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Title: Microarray identification of Clostridium difficile core components and divergent regions associated with host origin
Authors: Tavan Janvilisri
Joy Scaria
Angela D. Thompson
Ainsley Nicholson
Brandi M. Limbago
Luis G. Arroyo
J. Glenn Songer
Yrjö T. Gröhn
Yung Fu Chang
Cornell University
National Center for Emerging and Zoonotic Infectious Diseases
Ontario Veterinary College
University of Arizona
Mahidol University
Keywords: Biochemistry, Genetics and Molecular Biology;Immunology and Microbiology
Issue Date: 1-Jun-2009
Citation: Journal of Bacteriology. Vol.191, No.12 (2009), 3881-3891
Abstract: Clostridium difficile is a gram-positive, spore-forming enteric anaerobe which can infect humans and a wide variety of animal species. Recently, the incidence and severity of human C. difficile infection has markedly increased. In this study, we evaluated the genomic content of 73 C. difficile strains isolated from humans, horses, cattle, and pigs by comparative genomic hybridization with microarrays containing coding sequences from C. difficile strains 630 and QCD-32g58. The sequenced genome of C. difficile strain 630 was used as a reference to define a candidate core genome of C. difficile and to explore correlations between host origins and genetic diversity. Approximately 16% of the genes in strain 630 were highly conserved among all strains, representing the core complement of functional genes defining C. difficile. Absent or divergent genes in the tested strains were distributed across the entire C. difficile 630 genome and across all the predicted functional categories. Interestingly, certain genes were conserved among strains from a specific host species, but divergent in isolates with other host origins. This information provides insight into the genomic changes which might contribute to host adaptation. Due to a high degree of divergence among C. difficile strains, a core gene list from this study offers the first step toward the construction of diagnostic arrays for C. difficile. Copyright © 2009, American Society for Microbiology. All Rights Reserved.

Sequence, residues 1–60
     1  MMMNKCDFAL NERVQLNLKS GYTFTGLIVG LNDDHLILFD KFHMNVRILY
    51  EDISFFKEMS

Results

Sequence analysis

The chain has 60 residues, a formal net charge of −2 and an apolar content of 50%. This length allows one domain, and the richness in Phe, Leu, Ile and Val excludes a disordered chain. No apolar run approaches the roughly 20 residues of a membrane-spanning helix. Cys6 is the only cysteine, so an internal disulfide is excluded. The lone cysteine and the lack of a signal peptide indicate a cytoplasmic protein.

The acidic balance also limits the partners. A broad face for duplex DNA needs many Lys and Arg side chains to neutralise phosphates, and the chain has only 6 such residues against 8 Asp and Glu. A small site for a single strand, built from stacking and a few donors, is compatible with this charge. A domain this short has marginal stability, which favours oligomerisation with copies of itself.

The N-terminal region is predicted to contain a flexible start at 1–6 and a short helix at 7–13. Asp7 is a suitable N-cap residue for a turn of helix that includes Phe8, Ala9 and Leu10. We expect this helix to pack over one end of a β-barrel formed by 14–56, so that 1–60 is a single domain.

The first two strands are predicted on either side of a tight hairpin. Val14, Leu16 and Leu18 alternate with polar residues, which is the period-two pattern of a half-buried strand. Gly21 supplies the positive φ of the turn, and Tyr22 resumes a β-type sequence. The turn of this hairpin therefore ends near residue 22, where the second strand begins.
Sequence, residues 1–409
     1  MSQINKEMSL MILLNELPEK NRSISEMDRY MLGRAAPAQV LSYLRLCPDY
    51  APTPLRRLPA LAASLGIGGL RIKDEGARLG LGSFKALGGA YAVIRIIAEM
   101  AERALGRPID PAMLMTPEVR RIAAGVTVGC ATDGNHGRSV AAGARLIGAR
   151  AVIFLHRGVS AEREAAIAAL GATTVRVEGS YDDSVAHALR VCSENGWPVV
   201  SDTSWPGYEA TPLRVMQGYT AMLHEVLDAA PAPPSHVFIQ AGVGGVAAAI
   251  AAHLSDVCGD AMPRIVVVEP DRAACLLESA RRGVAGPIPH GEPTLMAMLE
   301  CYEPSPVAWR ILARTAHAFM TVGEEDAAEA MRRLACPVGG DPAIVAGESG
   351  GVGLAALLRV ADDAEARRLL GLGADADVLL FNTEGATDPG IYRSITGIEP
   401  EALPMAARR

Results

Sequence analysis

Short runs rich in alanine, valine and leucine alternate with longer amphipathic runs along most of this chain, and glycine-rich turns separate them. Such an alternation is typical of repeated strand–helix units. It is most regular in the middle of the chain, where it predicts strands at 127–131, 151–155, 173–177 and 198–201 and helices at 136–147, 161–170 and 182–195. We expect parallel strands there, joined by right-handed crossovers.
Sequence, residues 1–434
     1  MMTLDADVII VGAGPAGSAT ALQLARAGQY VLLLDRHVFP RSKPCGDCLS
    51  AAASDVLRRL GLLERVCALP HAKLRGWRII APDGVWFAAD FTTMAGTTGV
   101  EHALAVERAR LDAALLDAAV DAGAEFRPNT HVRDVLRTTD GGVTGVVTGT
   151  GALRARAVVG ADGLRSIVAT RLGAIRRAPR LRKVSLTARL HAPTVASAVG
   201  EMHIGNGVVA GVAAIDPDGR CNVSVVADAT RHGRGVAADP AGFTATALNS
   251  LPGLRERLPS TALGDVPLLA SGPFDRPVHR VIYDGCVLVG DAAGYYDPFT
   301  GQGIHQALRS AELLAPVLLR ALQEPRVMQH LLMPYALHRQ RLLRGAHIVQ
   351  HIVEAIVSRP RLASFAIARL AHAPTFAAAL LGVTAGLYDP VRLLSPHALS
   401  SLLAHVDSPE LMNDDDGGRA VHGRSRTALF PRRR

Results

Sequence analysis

ISSN: 00219193
Appears in Collections:Scopus 2006-2010

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